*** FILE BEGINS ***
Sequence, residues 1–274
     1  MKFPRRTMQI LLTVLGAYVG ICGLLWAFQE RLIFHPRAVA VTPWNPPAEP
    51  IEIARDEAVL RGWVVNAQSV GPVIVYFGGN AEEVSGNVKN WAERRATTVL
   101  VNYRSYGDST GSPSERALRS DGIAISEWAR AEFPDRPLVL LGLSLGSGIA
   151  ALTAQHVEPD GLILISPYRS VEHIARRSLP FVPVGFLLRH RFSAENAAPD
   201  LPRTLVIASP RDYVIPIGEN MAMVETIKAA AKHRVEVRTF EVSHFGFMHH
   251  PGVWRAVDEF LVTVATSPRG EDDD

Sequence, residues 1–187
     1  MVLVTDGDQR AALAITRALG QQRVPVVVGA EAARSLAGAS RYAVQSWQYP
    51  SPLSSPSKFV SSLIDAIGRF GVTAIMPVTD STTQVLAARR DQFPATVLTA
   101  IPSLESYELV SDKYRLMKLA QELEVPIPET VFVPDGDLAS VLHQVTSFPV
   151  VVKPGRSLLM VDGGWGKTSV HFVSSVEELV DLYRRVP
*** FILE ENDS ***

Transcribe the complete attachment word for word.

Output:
Sequence, residues 1–274
     1  MKFPRRTMQI LLTVLGAYVG ICGLLWAFQE RLIFHPRAVA VTPWNPPAEP
    51  IEIARDEAVL RGWVVNAQSV GPVIVYFGGN AEEVSGNVKN WAERRATTVL
   101  VNYRSYGDST GSPSERALRS DGIAISEWAR AEFPDRPLVL LGLSLGSGIA
   151  ALTAQHVEPD GLILISPYRS VEHIARRSLP FVPVGFLLRH RFSAENAAPD
   201  LPRTLVIASP RDYVIPIGEN MAMVETIKAA AKHRVEVRTF EVSHFGFMHH
   251  PGVWRAVDEF LVTVATSPRG EDDD

Sequence, residues 1–187
     1  MVLVTDGDQR AALAITRALG QQRVPVVVGA EAARSLAGAS RYAVQSWQYP
    51  SPLSSPSKFV SSLIDAIGRF GVTAIMPVTD STTQVLAARR DQFPATVLTA
   101  IPSLESYELV SDKYRLMKLA QELEVPIPET VFVPDGDLAS VLHQVTSFPV
   151  VVKPGRSLLM VDGGWGKTSV HFVSSVEELV DLYRRVP